GOP zeroes in on alleged Ukraine meddling during impeachment testimony

GOP zeroes in on alleged Ukraine meddling during impeachment testimony
© Greg Nash

Republicans on Wednesday opened their questioning during the first public House impeachment hearing to press two witnesses about unfounded claims that Ukraine interfered in the 2016 election.

Rep. Devin NunesDevin Gerald NunesHillicon Valley: Apple, Facebook defend encryption during Senate grilling | Tech legal shield makes it into trade deal | Impeachment controversy over phone records heats up | TikTok chief cancels Capitol Hill meetings The Hill's Morning Report - Sponsored by AdvaMed - Democrats to release articles of impeachment today Controversy on phone records intensifies amid impeachment MORE (R-Calif.), the top Republican on the panel, and GOP counsel Steve Castor used their allotted time to question top State Department officials William Taylor and George Kent about allegation of Kyiv's intervention.

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"The Democrats downplay, ignore, and outright deny the many indications that Ukrainians actually did meddle in the election. A shocking about-face for people who for three years argue that foreign election meddling was an intolerable crime that threatened the heart of our democracy," Nunes said during Republicans' 45-minute round of questioning.

The "denial," Nunes claimed, is a "necessary part of their argument."

"After all, if there actually were indications of Ukraine meddling ... then President TrumpDonald John TrumpThe Hill's Morning Report - Sponsored by AdvaMed - House panel expected to approve impeachment articles Thursday Democrats worried by Jeremy Corbyn's UK rise amid anti-Semitism Warren, Buttigieg duke it out in sprint to 2020 MORE would have a perfectly good reason to want to find out what happened," the California Republican said.

This line of questioning came after Kent, a senior official at the State Department, had testified Wednesday that despite Trump’s belief that Ukraine interfered in the 2016 elections, the real meddling came from Russia.

Kent said there was "no factual basis" to his knowledge that Ukraine interfered.

Other witnesses also have claimed that they believed Trump was trying to shift the blame to Ukraine in an effort to shift the scrutiny on Russia's interference during the 2016 presidential election.

Castor's line of questioning also yielded responses that might not play favorably for the president.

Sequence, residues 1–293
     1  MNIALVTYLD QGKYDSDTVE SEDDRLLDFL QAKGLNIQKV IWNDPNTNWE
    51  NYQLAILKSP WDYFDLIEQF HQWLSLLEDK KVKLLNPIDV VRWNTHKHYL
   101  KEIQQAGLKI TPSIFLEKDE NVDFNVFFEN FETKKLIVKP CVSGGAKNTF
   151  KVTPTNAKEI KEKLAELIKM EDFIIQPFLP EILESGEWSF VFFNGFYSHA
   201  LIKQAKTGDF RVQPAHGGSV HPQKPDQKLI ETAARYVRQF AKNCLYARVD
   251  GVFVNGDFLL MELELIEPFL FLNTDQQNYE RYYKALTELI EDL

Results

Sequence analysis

At one point, the GOP counsel suggested to Taylor that it's "certainly not outlandish" for U.S. Ambassador to the European Union Gordon SondlandGordon SondlandTop Zelensky aide refutes Sondland testimony Mulvaney: 'Politics can and should influence foreign policy' Controversy on phone records intensifies amid impeachment MORE to play such an active role in the administration's Ukraine policy, to which Taylor replied, "it's a little unusual."

“Okay. It might be irregular, but it's certainly not outlandish,” Castor responded.

The counsel then appeared to lend credence to claims by multiple witnesses that Rudy GiulianiRudy GiulianiThe Hill's Morning Report - Sponsored by AdvaMed - House panel expected to approve impeachment articles Thursday Horowitz offers troubling picture of FBI's Trump campaign probe Horowitz: 'Very concerned' about FBI leaks to Giuliani MORE, Sondland and other officials formed a shadowy foreign policy channel by characterizing this channel as "irregular" during subsequent questioning.

Castor also pushed the witnesses on the qualifications of former Vice President Joe BidenJoe BidenThe Hill's Morning Report - Sponsored by AdvaMed - House panel expected to approve impeachment articles Thursday Democrats seek leverage for trial Democrats spend big to put Senate in play MORE’s son, as he sought to determine what qualifications Hunter Biden had in order for him to gain a board seat at Burisma, a Ukrainian energy company.

Outside the committee hearing, some Republicans appeared wary of Castor’s approach to the hearing.

Ari Fleischer, former President George W. Bush’s press secretary, tweeted “Whatever the GOP counsel is doing, it's not working.  I don't [understand] where he's going.”